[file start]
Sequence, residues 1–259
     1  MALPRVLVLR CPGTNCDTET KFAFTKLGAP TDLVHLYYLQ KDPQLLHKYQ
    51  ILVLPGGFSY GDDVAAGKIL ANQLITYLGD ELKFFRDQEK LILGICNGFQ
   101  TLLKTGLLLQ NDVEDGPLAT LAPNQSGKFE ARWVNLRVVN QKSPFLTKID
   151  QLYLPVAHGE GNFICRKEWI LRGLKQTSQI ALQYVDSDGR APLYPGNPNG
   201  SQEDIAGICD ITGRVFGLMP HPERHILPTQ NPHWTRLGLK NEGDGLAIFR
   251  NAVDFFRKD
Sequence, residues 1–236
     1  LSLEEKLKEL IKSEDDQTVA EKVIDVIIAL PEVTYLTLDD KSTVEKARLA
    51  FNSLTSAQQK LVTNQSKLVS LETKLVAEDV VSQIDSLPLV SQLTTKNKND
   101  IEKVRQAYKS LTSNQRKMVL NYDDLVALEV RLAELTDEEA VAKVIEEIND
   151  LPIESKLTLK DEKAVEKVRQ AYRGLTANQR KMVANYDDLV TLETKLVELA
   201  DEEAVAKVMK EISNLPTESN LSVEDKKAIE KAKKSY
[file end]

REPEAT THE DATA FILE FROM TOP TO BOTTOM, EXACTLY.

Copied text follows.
Sequence, residues 1–259
     1  MALPRVLVLR CPGTNCDTET KFAFTKLGAP TDLVHLYYLQ KDPQLLHKYQ
    51  ILVLPGGFSY GDDVAAGKIL ANQLITYLGD ELKFFRDQEK LILGICNGFQ
   101  TLLKTGLLLQ NDVEDGPLAT LAPNQSGKFE ARWVNLRVVN QKSPFLTKID
   151  QLYLPVAHGE GNFICRKEWI LRGLKQTSQI ALQYVDSDGR APLYPGNPNG
   201  SQEDIAGICD ITGRVFGLMP HPERHILPTQ NPHWTRLGLK NEGDGLAIFR
   251  NAVDFFRKD
Sequence, residues 1–236
     1  LSLEEKLKEL IKSEDDQTVA EKVIDVIIAL PEVTYLTLDD KSTVEKARLA
    51  FNSLTSAQQK LVTNQSKLVS LETKLVAEDV VSQIDSLPLV SQLTTKNKND
   101  IEKVRQAYKS LTSNQRKMVL NYDDLVALEV RLAELTDEEA VAKVIEEIND
   151  LPIESKLTLK DEKAVEKVRQ AYRGLTANQR KMVANYDDLV TLETKLVELA
   201  DEEAVAKVMK EISNLPTESN LSVEDKKAIE KAKKSY